History of Iowa From the Earliest Times to the Beginning of the Twentieth Century/4/Lewis Todhunter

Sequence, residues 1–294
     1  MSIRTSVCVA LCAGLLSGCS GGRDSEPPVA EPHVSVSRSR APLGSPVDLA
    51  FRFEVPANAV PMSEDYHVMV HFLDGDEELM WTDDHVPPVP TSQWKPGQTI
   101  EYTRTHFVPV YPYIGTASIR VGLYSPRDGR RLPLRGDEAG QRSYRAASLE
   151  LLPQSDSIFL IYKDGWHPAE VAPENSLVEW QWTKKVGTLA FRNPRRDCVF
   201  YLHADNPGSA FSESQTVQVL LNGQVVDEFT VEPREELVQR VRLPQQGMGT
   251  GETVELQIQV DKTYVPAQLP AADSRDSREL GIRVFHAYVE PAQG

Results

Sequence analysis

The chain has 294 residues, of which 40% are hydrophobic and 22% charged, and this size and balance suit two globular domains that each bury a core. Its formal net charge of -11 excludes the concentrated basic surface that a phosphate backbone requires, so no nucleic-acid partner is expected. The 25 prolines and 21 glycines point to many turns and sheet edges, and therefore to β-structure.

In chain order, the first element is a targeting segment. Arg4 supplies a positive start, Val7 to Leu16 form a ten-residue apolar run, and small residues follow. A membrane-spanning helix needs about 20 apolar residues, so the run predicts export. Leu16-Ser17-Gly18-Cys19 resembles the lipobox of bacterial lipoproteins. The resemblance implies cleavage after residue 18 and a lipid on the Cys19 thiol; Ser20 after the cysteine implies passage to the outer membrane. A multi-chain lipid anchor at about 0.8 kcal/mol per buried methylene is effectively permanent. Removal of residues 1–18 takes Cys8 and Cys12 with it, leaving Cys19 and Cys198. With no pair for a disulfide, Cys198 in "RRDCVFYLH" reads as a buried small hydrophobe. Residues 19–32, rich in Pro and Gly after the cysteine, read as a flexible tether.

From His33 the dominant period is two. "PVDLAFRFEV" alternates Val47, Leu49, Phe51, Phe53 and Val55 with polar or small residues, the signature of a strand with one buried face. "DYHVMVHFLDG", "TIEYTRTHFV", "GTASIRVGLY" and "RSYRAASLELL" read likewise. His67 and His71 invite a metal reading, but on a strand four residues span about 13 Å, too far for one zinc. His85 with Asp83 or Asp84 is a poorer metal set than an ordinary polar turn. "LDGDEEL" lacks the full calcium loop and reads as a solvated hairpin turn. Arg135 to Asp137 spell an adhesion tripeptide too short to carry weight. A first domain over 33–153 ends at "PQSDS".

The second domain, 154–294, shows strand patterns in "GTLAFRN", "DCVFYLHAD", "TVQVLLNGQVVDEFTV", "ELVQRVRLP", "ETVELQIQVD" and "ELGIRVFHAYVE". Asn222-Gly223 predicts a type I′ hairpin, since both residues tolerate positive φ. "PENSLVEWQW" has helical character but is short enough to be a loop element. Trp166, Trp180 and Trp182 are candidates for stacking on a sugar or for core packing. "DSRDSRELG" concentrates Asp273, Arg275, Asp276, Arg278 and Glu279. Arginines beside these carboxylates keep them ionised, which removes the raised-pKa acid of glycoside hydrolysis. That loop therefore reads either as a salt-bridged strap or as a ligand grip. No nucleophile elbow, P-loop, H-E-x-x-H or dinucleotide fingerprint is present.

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LEWIS TODHUNTER was born in Fayette County, Ohio, April 6, 1817. He received his education at the public schools of Ohio and Indiana. Late in life he studied law and was admitted to the bar of Ohio. In 1850 he removed to Warren County, Iowa, making his permanent home in Indianola, where he continued to practice law. He served the county several terms as auditor, treasurer and prosecuting attorney, but his most distinguished public work was as a member of the Constitutional Convention of 1857, which framed the present Constitution of the State. He was also one of the founders of the Republican party of Iowa, having been previously a Free Soil Whig. The reform with which Mr. Todhunter was most closely identified was the suppression of intemperance. His labor in this cause began in 1840 upon the organization of the Washington Society and he has been a member of nearly all of the temperance organizations of Iowa. He was chairman of the committee which framed the bill which became known as the Clark law. He several times canvassed the State in behalf of the cause of prohibition and his name is imperishably associated with the history of the temperance movement for more than sixty years. Although exempt by age from military service during the Civil War, he tendered his services and was appointed quartermaster of the Forty-eighth Iowa Infantry in 1804, with the rank of captain, and was attached to the command of General Ord. After Mr. Todhunter retired from practice in 1890 he wrote a history of the Iowa temperance legislation. He died at Indianola, January 29, 1902.